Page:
This is the second consecutive year in which the Pirates have signed a player to a long-term extension. Last April, the Pirates signed third baseman Ke’Bryan Hayes to an eight-year, $70 million extension. At the time, Hayes’ deal was the richest in franchise history, eclipsing the six-year, $60 million deal that Jason Kendall signed in 2000.

"We’re all happy that he’s staying here and can’t wait until he gets back," Hayes said of Reynolds, who is currently on the bereavement list and was not at the ballpark on Tuesday.

This extension puts an end to a long, winding saga that both Reynolds and the Pirates are surely glad is over.

Reynolds’ name has swirled around in rumors since he was named an All-Star, but things came to a head when Reynolds requested a trade from the organization prior to the Winter Meetings. Despite the request, the Pirates obviously did not trade Reynolds during the offseason.

On the first day of Spring Training, Reynolds said the request stemmed from a “difference in opinion” regarding his worth. Still, Reynolds remained open to signing an extension, noting that he wanted a deal that was fair for both sides.

“I think I’ve been pretty open over the past few years that my number one would be to sign an extension in Pittsburgh, but I want that to be a fair deal for both sides -- not one side or the other,” Reynolds said on Feb. 15. “Not a crazy player [deal], not a crazy team deal. That’s always been my number one.”

Towards the end of Spring Training, Reynolds said that if he and the team were to agree on an extension, he would like to get it done by Opening Day, adding that his deadline would be “pretty firm.” While Opening Day came and went without the two parties agreeing to a deal, Reynolds and the Pirates came close to agreeing on an extension, but a late request for an opt-out clause after the 2026 season put the deal on hold.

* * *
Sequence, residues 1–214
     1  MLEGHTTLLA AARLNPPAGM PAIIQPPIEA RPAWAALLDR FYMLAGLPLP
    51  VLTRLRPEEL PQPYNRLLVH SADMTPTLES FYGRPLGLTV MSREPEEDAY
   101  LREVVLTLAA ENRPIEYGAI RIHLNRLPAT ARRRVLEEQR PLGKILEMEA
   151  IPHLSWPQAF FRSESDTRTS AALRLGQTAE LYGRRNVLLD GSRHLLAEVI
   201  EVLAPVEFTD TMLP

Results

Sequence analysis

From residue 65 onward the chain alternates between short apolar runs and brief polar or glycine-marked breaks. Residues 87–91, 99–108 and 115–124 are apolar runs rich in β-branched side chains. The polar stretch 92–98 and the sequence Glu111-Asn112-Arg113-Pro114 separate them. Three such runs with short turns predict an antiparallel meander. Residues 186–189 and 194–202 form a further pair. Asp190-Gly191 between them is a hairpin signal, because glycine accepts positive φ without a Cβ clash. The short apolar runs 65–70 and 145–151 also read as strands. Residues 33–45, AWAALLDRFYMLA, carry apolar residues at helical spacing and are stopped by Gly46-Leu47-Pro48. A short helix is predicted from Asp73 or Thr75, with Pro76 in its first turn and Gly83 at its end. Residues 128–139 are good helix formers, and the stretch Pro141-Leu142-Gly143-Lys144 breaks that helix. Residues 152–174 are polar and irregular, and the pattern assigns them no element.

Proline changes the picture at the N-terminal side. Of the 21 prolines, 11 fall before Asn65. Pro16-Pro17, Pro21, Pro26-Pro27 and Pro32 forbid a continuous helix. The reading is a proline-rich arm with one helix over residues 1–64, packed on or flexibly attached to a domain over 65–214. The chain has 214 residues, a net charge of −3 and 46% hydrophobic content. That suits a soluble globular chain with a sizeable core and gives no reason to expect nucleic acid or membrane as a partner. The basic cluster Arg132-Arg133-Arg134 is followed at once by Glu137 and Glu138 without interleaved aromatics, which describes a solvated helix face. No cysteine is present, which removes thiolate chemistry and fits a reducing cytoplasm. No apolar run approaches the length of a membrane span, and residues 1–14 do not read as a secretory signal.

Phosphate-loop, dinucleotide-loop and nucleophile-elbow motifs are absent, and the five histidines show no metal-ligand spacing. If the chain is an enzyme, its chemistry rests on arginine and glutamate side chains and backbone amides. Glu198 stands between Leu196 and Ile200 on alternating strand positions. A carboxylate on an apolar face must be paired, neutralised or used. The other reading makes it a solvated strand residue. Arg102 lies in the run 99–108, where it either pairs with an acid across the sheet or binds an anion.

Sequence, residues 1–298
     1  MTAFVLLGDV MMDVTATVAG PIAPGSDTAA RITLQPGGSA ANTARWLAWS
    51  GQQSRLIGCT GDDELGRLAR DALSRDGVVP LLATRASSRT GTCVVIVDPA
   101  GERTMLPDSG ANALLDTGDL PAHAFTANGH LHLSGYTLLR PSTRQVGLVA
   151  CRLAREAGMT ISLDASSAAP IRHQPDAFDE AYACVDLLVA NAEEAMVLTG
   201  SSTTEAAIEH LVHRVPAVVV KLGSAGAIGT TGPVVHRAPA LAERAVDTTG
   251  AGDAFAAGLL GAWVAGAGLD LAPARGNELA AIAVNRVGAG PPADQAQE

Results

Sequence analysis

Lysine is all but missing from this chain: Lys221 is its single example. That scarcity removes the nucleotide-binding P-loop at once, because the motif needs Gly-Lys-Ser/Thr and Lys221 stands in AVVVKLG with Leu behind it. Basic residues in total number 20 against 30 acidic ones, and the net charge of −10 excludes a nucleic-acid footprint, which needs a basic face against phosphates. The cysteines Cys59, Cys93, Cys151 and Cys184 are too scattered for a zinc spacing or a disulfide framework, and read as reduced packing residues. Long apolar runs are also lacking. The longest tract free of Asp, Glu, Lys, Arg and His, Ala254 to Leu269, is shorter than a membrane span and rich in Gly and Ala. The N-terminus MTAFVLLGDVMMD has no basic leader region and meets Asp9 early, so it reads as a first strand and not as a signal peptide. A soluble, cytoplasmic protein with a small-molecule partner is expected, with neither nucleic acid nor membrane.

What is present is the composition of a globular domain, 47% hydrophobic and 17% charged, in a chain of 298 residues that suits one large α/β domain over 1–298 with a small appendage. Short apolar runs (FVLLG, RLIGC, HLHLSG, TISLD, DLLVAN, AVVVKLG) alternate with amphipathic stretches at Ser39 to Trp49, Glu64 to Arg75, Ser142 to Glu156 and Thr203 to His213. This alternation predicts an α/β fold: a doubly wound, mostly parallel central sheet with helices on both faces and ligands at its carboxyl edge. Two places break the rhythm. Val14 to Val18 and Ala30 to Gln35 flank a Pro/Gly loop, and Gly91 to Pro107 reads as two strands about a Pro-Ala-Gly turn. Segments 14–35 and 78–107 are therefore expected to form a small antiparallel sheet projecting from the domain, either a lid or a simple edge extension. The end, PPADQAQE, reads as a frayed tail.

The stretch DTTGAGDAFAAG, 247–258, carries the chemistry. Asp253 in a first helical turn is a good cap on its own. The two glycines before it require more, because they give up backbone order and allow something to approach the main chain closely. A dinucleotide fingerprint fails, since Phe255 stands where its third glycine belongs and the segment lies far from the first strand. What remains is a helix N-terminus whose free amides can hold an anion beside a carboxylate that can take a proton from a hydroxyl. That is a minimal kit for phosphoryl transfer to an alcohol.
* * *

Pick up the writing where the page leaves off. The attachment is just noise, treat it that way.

There had not been any new developments during April -- Cherington said as recently as Saturday that there was nothing to report -- but at long last, the ballad has reached its conclusion.

"He wanted to be here, he always would say it," Hayes said. "I think he’s just going to be even more comfortable now. He’s going to go out there and have fun. He won’t have to worry about that side of it anymore. Yeah, I’m just super happy that he’s staying."

With Reynolds signed, starter Mitch Keller and shortstop Oneil Cruz now stand as the two young players the organization could look to extend next.

Keller, 27, is building on last year’s breakout season and emerging as the team’s ace. This season, Keller owns a 3.64 ERA with 30 strikeouts across 29 2/3 innings and has thrown four consecutive quality starts.

Cruz, 24, is currently recovering after fracturing his left fibula with an injury to the syndesmosis and is expected to return to play in about four months. The shortstop has displayed an unparalleled combination of power and speed during his 98 career games, totaling 19 home runs, 13 steals and a 110 OPS+ while breaking several Statcast records.